First Responders Give Tips To Prevent Hot Car Deaths

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FORT SMITH (KFSM)- Police and emergency responders around the country are still answering call of children left in hot cars, including in our area.

"Usually what happens is we get a call from the shopping centers," Sgt. Clyde Forrest, Fort Smith Police Department said. "Someone has run in to do a couple minutes of shopping and they're usually inside much longer than they think."

Forrest said the department answers calls for both children and pets being locked in hot cars.

"They crack the window thinking that's enough, but a hot day with the sunshine shining in the car, it's just not," Forrest said.

In Fort Smith alone, police answer dozens of calls every summer.

"We get three or four calls of animals left in a car every week," Forrest said. "Over a summer, we might get 30 to 40 calls of children left unattended in a vehicle on purpose. In the last year, we've had approximately 34 calls of children locked in a car on accident."

While officials say it may not feel that hot outside, in just 60 degree weather, the inside of your car could reach more than 100 degrees.

"It gets hot really quick," Skip Mathews, Battalion Chief, Fort Smith Fire Department said. "It could rise 20 degrees every ten minutes. Pay attention. There's no safe time limit."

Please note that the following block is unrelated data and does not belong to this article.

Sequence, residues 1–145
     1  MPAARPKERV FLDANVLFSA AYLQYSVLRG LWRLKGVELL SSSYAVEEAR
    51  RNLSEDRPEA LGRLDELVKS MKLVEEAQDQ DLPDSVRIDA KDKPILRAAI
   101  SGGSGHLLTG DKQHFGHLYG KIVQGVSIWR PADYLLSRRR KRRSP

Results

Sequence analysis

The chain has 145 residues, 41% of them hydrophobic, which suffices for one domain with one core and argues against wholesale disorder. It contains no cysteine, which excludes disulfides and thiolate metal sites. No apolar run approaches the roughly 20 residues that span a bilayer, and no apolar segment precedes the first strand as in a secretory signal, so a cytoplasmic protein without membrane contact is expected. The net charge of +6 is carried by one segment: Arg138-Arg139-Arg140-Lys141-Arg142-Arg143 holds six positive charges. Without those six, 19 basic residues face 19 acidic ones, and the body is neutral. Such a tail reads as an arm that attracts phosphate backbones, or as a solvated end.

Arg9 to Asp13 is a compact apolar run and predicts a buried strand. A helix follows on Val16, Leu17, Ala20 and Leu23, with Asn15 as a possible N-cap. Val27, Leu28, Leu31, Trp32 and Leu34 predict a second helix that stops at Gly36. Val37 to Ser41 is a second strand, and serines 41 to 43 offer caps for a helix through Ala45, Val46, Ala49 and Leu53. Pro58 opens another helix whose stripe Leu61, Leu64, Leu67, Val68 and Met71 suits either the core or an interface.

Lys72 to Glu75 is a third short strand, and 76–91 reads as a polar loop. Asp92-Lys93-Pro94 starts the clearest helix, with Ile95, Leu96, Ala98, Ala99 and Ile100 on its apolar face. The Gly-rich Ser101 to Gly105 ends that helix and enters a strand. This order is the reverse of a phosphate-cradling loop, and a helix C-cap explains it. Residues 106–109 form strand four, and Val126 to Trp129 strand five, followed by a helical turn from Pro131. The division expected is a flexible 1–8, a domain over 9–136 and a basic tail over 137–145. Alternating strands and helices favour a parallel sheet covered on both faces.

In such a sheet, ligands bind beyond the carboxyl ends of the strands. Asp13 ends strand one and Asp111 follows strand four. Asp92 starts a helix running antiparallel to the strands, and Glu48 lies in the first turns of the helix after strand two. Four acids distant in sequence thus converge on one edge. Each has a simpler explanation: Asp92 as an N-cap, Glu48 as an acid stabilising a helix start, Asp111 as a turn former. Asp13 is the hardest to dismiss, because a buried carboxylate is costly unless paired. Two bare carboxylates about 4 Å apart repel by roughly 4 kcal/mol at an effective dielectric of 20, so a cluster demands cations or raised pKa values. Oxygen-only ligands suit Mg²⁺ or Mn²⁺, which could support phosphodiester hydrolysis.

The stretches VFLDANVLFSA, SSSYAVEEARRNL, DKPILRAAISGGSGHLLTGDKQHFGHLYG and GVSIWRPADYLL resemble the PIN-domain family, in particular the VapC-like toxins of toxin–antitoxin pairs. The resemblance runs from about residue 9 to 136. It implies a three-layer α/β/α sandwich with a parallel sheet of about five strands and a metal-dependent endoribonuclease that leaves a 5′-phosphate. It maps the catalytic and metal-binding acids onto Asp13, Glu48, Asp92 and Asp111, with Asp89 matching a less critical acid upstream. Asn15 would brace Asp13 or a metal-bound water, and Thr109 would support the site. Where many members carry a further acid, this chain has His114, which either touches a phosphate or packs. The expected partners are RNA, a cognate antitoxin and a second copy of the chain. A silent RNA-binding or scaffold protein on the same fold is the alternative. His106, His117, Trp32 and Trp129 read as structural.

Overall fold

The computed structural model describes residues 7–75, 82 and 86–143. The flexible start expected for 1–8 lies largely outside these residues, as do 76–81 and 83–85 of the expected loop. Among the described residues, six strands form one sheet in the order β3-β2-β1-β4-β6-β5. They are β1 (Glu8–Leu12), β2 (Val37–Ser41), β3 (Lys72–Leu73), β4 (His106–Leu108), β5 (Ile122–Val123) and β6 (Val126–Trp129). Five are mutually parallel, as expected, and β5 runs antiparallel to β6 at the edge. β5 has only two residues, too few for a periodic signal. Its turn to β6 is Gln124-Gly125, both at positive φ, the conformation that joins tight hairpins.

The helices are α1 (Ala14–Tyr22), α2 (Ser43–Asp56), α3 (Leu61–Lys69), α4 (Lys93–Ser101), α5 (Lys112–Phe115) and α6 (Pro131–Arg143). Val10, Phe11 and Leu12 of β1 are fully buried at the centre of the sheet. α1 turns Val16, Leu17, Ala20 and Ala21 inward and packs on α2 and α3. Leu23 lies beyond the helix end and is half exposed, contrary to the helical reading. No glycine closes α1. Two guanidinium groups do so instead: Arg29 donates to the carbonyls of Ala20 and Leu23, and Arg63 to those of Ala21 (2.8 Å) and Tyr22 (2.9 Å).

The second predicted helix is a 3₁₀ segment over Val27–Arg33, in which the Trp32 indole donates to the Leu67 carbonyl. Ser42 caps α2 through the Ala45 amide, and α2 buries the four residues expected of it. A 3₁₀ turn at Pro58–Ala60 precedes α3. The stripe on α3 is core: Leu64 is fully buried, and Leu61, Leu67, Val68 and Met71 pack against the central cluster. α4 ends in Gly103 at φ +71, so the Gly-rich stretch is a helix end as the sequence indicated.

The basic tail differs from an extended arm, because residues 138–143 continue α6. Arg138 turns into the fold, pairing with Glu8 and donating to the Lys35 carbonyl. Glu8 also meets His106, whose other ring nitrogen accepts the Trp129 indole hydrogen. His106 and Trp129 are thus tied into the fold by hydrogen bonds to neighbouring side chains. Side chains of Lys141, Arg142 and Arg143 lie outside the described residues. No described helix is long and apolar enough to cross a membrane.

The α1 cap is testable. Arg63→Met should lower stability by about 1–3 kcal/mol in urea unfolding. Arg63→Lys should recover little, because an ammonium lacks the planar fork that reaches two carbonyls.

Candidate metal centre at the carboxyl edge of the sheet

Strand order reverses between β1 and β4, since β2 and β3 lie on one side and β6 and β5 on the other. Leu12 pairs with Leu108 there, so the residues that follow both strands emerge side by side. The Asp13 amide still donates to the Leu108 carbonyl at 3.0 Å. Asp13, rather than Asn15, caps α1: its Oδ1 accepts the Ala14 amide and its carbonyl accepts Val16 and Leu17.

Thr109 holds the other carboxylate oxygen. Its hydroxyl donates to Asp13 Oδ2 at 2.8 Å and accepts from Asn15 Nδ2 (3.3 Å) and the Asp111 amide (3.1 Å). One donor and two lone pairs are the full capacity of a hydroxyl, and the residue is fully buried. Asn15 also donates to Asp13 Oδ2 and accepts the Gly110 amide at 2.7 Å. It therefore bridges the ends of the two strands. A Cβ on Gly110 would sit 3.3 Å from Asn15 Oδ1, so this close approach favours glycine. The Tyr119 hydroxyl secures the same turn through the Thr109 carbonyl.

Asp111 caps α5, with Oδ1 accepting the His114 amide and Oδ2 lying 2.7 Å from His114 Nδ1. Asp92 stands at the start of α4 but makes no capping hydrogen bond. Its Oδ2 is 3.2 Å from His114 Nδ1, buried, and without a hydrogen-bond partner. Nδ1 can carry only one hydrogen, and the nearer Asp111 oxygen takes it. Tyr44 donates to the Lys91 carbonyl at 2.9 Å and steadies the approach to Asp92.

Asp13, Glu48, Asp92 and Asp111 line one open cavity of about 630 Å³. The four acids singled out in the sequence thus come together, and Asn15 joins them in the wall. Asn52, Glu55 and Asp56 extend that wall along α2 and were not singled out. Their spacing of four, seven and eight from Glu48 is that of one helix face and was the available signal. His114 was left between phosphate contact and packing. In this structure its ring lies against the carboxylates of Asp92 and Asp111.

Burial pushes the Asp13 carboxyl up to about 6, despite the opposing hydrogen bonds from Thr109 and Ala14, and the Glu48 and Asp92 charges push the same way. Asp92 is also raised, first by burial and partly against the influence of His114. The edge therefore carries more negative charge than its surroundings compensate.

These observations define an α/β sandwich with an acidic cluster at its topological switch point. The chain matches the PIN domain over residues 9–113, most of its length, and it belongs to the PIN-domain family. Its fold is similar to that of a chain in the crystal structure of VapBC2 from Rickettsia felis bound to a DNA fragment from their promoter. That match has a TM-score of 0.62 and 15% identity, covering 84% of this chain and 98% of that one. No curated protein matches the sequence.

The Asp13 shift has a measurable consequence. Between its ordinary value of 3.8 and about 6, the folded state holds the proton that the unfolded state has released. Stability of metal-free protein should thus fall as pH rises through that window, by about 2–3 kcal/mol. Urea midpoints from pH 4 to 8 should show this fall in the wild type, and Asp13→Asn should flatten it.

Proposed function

Leaving your child alone in a hot car could not only lead to death, but could have some legal consequences, as well.

"You're probably going to have DHS or the child welfare hotline contact you," Forrest said. "There's a very good chance you could face some criminal charges and this could wind up having your child taken from you, jail, cost and fines just because you didn't want to take the time to take your child out of the car."

If you see a child or pet left in a hot car unattended, police said don't hesitate to call 911.

"If you see this, don't be afraid to call," Forrest said. "Quite often, we get the report that someone has watched a car for 20 minutes and nobody has come to check on the child. Well, that's 20 minutes the child has sat in a hot car and you don't know how long the kid was there before you saw it. Call us when you find it, don't wait.

Police suggest parents should get in the habit of checking the back seat of their car. Officers said to also leave your purse or cell phone in the back seat if a child is in the car so you have to go to the backseat before leaving the area of the vehicle.